20. Abelhas visitantes nas flores da jabuticabeira (Myrciaria cauliflora Berg. e produção de frutos - DOI: 10.4025/actascianimsci.v26i1.1890 Bees visits associated to Brazilian grape tree flowers (Myrciaria cauliflora Berg. and fruit production - DOI: 10.4025/actascianimsci.v26i1.1890

    Directory of Open Access Journals (Sweden)

    Regina Helena Nogueira-Couto

    2004-04-01

    Full Text Available O objetivo deste trabalho foi verificar a atratividade das flores da jabuticabeira (Myrciaria cauliflora Berg. para os insetos, o comportamento, o tipo de coleta e o efeito dessas visitas na produção de frutos. Foram observados o tempo de desenvolvimento e a quantidade de açúcar solúvel do néctar de flores; os insetos e o tipo de coleta desses insetos. Foram marcados 400 botões florais (200 descobertos e 200 cobertos, para impedir a visita dos insetos. A duração da flor foi de 48 ± 4,6 horas. A quantidade de açúcar solúvel foi baixa (7.14 ± 0.70µg glicose/flor e semelhante entre os horários. As abelhas Apis mellifera, Tetragonisca angustula, Chloralictus sp e Trigona spinipes foram os únicos insetos nas flores (98,0%, 0,88%, 0,57% e 0,55%, respectivamente e coletaram exclusivamente pólen. A porcentagem de frutificação não foi diferente nos tratamentos coberto (19,80% e descoberto (18,62%, mostrando que a presença das abelhas não afetou a produção.This research aimed to verify the Brazilian grape tree flowers’ Myrciaria cauliflora attraction to insects, including their behaviour, sample kind and effect of insect visits on fruit production. The development time and the amount of flower’s nectar soluble sugar, the insects and sample kind were observed. Four hundred flower buds were tagged (200 covered and 200 uncovered, with 5 replications to determine fruiting percentage. Only the bees Apis mellifera, Tetragonisca angustula, Chloralictus sp and Trigona spinipes visited the flowers (98.0, 0.88, 0.57 and 0.55%, respectively, collecting exclusively pollen. Percentage of fruiting did not differ between covered (19.80% and uncovered (18.62% treatments, showing that the bees visits did not affect fruit production.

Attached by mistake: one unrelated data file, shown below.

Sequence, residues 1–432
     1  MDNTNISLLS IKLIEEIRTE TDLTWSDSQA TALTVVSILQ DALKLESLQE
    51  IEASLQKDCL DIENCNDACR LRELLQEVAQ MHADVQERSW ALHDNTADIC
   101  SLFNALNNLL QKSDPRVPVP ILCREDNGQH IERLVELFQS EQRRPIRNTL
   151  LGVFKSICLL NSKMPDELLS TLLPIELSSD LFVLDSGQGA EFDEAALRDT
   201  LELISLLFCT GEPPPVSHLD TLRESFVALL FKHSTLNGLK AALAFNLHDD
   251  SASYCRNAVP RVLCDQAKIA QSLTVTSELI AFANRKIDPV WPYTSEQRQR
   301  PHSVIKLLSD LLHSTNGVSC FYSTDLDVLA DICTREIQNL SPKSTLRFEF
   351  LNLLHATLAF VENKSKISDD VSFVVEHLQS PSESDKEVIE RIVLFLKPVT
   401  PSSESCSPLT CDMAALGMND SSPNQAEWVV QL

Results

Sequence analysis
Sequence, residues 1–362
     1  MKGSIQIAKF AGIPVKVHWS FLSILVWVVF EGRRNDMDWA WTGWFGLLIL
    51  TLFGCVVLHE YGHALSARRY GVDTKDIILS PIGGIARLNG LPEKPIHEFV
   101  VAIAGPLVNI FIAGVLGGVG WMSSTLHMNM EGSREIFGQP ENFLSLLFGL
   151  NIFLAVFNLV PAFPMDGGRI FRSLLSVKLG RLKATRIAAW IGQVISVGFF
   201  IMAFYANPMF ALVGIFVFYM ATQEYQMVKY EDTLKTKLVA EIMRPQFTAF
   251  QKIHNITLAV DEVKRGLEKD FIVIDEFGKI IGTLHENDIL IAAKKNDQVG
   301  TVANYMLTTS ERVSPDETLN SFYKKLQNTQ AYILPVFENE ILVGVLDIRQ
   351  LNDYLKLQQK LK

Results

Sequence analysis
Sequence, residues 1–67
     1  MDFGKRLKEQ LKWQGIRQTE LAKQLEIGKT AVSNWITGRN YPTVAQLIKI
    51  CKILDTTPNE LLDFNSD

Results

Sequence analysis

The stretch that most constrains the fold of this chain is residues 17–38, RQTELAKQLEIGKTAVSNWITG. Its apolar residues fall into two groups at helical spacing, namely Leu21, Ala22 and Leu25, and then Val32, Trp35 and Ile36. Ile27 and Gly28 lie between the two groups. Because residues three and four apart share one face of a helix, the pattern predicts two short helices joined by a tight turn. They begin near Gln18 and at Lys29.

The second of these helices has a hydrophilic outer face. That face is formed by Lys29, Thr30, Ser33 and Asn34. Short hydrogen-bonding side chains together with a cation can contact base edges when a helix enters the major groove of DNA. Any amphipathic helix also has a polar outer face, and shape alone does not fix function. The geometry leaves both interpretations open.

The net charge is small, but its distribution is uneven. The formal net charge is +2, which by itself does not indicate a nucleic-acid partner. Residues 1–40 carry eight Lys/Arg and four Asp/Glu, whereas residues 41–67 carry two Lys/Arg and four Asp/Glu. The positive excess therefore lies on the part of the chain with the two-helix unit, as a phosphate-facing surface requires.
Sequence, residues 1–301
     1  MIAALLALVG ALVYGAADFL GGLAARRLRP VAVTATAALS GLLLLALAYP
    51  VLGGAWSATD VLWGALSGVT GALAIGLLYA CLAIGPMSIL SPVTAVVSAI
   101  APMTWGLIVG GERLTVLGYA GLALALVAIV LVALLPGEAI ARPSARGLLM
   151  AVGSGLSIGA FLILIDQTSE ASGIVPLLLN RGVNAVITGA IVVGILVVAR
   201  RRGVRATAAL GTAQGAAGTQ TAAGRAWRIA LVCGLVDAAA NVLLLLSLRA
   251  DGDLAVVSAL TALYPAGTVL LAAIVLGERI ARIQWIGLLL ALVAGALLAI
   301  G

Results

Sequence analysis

1. The potential for citrus cryotherapy

    Science.gov (United States)

    Citrus collections of pathogen-free plants are needed for breeding, research, and distribution to the user community. The Citrus Research Board funded research project “Development of cryotherapy as an improved method of eliminating graft transmissible pathogens in Citrus” sought to use cryotherapy,...

  2. Starting from grape cultivation.

    Science.gov (United States)

    Yoshida, A

    1992-06-01